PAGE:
This morning, the Federal Transit Administration (FTA) released a letter outlining what would happen with FTA funding in the event of a government shutdown, which is looking more and more likely.
If Congress does not pass a funding bill by tonight, “90 percent of FTA’s staff will be furloughed” and the remaining 10 percent “will be limited exclusively to the oversight of already-awarded Recovery Act grants and the Lower Manhattan recovery efforts.” Staff will not be able to make payments to grantees, obligate research or technical assistance funds, or conduct reviews on projects currently under development.
On Thursday, we posted a Web poll, asking whether you thought the approximately 30 percent cuts across the board to public transportation in the proposed U.S. FY 2012 budget would remain in place. So far, the result, at 60 percent, has been overwhelmingly no. For those who think the cuts will be rolled back, are you equally confident that we won’t end up with the federal government out of commission?
I don’t really remember much about the last two government shutdowns in 1995, so I was particularly interested in this AP story, which laid out the ways a government shutdown would affect average Americans. Basically, we’ll still get our mail, unemployment benefits and tax returns — if filed electronically. Also, cancel your trip to that National Park; they’ll all be closed. However, emergency response, from air traffic controllers to military operations would not be affected.
What’s not clear, though, is what would happen for day-to-day public transit operations. With ridership continuing to rise on many systems across the U.S. due to ever-increasing gas prices, transit could potentially get slammed with a double-whammy over the next few weeks. What challenges would a shutdown present to you? What types of hurdles did you have to overcome during the last shutdown, and how did you deal with those?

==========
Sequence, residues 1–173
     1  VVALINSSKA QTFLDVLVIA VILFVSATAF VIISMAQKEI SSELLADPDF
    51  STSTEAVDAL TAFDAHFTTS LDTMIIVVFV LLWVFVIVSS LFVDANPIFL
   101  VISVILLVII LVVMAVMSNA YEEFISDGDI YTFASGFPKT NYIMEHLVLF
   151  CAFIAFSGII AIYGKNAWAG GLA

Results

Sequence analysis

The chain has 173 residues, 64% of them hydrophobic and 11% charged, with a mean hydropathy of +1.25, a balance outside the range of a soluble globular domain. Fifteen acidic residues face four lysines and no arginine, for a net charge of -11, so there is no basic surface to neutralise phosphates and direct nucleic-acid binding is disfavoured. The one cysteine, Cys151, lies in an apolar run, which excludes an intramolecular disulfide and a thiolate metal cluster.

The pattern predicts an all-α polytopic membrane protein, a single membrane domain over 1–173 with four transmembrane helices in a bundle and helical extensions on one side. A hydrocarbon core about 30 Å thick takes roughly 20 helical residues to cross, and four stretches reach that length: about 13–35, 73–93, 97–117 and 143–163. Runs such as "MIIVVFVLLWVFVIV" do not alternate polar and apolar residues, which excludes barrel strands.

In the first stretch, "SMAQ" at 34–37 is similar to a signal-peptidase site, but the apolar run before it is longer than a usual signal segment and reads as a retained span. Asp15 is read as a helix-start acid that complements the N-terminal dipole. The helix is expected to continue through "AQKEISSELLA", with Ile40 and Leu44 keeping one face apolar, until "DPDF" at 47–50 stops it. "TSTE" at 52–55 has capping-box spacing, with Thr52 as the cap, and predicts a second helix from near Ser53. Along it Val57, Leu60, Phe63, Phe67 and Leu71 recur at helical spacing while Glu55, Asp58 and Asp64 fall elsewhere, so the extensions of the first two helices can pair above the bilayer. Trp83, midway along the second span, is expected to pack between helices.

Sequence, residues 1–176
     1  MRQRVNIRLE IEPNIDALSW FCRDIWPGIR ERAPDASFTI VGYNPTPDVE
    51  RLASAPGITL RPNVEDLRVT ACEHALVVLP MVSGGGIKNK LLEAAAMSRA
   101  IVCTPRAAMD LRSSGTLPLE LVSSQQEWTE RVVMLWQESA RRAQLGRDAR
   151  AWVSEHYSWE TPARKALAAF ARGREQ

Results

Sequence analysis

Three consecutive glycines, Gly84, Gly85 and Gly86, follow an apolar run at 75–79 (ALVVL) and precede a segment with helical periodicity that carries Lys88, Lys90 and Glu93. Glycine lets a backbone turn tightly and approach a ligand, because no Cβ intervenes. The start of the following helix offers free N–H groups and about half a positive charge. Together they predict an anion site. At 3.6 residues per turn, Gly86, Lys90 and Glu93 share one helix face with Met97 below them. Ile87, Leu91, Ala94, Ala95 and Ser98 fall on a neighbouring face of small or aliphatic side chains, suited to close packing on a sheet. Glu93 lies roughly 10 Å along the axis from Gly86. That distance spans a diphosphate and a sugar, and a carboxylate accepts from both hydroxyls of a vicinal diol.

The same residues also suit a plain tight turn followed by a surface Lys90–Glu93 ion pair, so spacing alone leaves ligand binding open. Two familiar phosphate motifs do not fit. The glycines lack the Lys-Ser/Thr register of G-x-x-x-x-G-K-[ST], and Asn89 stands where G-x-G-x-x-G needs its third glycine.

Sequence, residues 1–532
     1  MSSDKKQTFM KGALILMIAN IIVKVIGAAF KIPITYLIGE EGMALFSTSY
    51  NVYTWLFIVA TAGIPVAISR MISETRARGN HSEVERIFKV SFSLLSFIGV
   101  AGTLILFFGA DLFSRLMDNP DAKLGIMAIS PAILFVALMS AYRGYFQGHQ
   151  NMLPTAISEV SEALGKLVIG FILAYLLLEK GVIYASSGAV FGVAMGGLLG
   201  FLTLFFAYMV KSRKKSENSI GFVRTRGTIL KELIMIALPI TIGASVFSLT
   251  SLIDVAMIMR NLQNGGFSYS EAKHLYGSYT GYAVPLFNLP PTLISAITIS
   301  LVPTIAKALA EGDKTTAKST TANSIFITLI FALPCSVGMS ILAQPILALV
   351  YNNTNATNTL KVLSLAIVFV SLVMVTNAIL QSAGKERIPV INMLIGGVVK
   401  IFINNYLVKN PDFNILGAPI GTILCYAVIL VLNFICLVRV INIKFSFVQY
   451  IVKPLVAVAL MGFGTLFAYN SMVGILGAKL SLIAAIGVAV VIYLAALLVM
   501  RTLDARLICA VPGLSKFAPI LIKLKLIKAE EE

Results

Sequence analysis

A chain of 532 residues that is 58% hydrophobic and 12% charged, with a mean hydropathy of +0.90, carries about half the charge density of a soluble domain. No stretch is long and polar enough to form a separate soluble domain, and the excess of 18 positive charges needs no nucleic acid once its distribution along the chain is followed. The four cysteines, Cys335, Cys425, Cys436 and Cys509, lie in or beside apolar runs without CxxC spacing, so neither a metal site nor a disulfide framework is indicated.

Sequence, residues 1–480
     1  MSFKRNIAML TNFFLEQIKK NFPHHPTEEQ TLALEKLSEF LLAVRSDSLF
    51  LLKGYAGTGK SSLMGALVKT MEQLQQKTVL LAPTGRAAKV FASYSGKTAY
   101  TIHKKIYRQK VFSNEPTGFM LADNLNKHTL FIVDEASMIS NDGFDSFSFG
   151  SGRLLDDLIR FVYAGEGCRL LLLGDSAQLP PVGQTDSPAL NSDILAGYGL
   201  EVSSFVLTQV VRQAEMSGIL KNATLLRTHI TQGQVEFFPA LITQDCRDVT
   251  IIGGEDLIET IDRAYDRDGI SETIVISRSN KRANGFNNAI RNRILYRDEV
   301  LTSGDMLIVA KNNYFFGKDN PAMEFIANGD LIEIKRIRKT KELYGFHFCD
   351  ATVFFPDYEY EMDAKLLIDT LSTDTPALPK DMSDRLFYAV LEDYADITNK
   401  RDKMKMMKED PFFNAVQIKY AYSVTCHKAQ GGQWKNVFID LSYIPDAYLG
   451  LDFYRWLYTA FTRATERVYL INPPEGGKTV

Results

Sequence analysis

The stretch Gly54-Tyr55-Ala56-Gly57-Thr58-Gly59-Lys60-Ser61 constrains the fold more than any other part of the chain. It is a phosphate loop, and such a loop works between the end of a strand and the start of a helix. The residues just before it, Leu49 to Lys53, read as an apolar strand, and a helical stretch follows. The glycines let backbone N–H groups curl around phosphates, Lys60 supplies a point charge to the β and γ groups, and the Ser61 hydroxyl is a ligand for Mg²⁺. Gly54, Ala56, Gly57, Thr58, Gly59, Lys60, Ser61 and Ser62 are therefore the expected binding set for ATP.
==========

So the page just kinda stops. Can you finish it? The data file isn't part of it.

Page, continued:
In case you missed it...
Read our METRO blog, "How to improve bus operator reaction time" here.
Agencies that use Twitter to respond to users’ complaints or answer questions get more positive Twitter reaction and more civil discourse online, according to Lisa Schweitzer the author of a recent study analyzing tweets of public transit agencies. “It’s about the marketing potential of social media — a lot of public transit agencies are simply tweeting their problems to the world by blasting out late service announcements. That’s not a good use of Twitter,” she says. “Transit agencies can influence the tone of the discussion by interacting with patrons online,” Schweitzer explains. “It gives people something to respond to, and it reminds people that somebody is listening.”
Usually by early January, I will hopefully have taken down the last of our holiday decorations and eaten or given away the remaining sweets that have become a part of my regular diet during the month of December. Then, of course like most people, I’ll think about ways I want to improve myself for the coming year. Whether it be exercising more (walking from the parking lot to my office doesn’t count), eating less ice cream or managing my email better. The latter practice alone would help improve my efficiency at work immensely. I’m sure you probably feel the same way.
A new National Resources Defense Council (NRDC) study solidifies what the American Public Transportation Association’s (APTA) Transit Savings Report has been telling us for years now: riding public transportation can save users money.
June 20 will mark the 8th annual National Dump the Pump Day sponsored by the American Public Transportation Association, in partnership with the Sierra Club and the Natural Resources Defense Council.
Driving a bus never looked easy. Living in California and being stuck in my car as much as I am, I’ve always had tremendous respect for the men and women who operate buses on a daily basis. So, when the call came that I would get my shot to drive in Sunday’s APTA Bus Roadeo, I was both excited and nervous.